Hint to Episerver: you could learn from the security scene. There you can keep your qualification alive by gathering points from events. Like doing a blog post or speaking in a seminar. That would work for Episerver certifications too. This does not prevent that you could take recertification if you wish. There are much more like assessments, projects, forums, support tickets, and GitHub repositories that you could track. Nothing in this prevents from taking the certification test again.
Three exams, seven certificates
At the edge of certification era change I was able to get seven different certificates with three exams. How is this possible? Well, technology specialist certification is granted from each exam. After two exams solution associate certification is granted. Finally, I was granted solution expert and solution developer certificates from passing all three exams. As a bonus, I also got MCSD App Builder by having MCSA: web applications already in my pocket. The full list is:
- Microsoft Specialist: Developing Microsoft Azure Solutions
- Microsoft Specialist: Architecting Microsoft Azure Solutions
- Microsoft Specialist: Implementing Microsoft Azure Infrastructure solutions
- Microsoft Certified Solutions Associate: Cloud Platform
- Microsoft Certified Solutions Developer: Azure Solutions Architecting
- Microsoft Certified Solutions Developer: App Builder
- Microsoft Certified Solutions Expert: Cloud Platform and Infrastructure
Expect to earn at least five certificates by targetting to MCSE.
70-53x overlaps with each other
Despite which number of exams you are going to take, I strongly suggest that you check the materials of each three exam. There were lots of stuff even in Ignite cert preparation videos that would have been beneficial for me in the first place. Here are the list of similarities:
- ARM templates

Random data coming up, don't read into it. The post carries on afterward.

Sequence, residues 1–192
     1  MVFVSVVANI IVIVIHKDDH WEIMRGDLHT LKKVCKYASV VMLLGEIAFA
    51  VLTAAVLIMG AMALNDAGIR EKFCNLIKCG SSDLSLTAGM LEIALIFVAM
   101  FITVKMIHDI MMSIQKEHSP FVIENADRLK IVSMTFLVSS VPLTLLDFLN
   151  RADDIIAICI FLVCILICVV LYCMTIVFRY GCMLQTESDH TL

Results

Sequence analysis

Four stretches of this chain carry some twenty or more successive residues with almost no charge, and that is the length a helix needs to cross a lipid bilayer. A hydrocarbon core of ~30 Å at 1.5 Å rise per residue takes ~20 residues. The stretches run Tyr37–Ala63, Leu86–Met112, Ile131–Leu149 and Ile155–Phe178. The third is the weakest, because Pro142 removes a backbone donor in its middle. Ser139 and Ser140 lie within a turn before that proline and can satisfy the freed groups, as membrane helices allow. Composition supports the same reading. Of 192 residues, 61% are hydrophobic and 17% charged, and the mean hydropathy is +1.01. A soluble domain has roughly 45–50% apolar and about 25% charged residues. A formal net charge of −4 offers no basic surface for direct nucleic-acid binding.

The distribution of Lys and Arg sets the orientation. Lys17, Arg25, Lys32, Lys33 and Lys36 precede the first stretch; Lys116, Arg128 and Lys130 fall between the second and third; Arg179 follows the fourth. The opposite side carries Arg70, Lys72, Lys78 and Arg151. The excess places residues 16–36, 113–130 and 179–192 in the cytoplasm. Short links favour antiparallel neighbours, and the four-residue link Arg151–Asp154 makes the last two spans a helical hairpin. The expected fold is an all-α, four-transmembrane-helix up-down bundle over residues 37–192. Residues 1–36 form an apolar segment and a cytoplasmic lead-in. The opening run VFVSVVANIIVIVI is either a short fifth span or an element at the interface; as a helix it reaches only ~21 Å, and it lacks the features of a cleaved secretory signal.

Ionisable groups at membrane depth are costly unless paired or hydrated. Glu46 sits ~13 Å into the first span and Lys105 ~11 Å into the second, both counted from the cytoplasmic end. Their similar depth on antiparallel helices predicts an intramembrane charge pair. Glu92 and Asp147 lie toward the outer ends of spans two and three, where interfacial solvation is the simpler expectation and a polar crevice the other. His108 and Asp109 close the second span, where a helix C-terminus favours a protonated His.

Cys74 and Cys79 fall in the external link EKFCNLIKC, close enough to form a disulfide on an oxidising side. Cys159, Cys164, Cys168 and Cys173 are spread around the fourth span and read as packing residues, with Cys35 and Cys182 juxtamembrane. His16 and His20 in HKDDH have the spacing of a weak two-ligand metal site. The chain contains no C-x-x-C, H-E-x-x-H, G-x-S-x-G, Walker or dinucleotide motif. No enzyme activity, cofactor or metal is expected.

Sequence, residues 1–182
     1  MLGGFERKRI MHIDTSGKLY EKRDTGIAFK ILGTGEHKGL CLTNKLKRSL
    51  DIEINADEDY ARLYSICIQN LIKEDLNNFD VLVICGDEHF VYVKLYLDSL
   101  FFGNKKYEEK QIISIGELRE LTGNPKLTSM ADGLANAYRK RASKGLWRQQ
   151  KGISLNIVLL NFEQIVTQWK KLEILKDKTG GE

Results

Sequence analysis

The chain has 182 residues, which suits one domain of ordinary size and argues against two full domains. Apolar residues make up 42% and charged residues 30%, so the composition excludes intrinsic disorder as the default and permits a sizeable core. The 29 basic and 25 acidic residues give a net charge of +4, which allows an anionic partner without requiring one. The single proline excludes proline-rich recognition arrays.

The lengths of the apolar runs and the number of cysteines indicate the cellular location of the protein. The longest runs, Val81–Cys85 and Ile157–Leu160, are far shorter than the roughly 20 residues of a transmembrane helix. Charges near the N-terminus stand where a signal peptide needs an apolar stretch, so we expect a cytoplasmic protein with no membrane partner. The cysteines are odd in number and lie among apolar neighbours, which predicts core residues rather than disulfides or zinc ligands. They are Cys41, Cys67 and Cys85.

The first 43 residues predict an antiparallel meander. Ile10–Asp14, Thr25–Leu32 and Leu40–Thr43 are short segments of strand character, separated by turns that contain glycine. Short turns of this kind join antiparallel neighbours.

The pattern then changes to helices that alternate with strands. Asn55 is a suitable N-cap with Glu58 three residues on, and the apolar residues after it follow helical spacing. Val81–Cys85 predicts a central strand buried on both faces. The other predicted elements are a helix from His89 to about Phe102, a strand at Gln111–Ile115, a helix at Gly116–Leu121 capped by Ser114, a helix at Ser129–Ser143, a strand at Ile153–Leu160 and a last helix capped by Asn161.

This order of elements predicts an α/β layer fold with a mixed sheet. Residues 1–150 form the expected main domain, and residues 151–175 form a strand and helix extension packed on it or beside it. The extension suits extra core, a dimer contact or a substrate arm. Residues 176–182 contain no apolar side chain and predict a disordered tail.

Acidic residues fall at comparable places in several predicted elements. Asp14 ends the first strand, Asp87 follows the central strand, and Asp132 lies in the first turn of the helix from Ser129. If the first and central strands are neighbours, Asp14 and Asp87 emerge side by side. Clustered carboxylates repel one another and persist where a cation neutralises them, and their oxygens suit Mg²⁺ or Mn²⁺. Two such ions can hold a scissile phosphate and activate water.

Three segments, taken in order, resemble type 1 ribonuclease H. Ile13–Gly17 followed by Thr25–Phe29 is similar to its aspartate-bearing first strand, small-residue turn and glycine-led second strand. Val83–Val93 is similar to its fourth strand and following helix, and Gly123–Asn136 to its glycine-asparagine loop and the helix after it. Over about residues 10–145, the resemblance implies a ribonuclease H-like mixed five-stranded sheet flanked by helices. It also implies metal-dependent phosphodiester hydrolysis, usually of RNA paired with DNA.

- ARM virtual machines
- ARM Networking
- Storage solutions (especially Azure Storage)
- Web apps
- Managing identities
I don’t mean to say that the tests are the same. Each exam certainly has its own angle to the subject. Expect to see code in developer exam, expect to see command-line stuff in infrastructure exam and expect to see design problems in architecture exam. Still, there are lots of questions like “Which is the best for job x in circumstances y?” and the answer would be same regardless of the exam the question was in.
The thing is that you can learn from many of those subjects by learning the ARM templates. So make sure that you study at least this walkthrough
Where to focus? What to learn the best? It’s hard to go wrong with these:
- Azure PowerShell (try to setup environments with it directly creating the resources and with arm templates)
- ARM templates (use the automation button in portal and try to understand the json)
- Storage (I made example clients and I did not need to regret it)
- Web apps (especially the pricing tiers, scaling and monitoring)
- Virtual machines (pricing tiers, scaling and monitoring)
- Hybrid cloud (how to connect on-premise stuff to cloud and vice versa)
What to expect from 70-532 Developing Microsoft Azure solutions
Case studies and code examples. You don’t need to be a good programmer to pass this. You need to know the services listed in the exam and how to do design decisions with them. To be honest, I felt that this was more of a DevOps test than a developer test. There were code yes, but if you think what are the services that needs specific kind of coding to work you don’t have that much to learn. Those things are: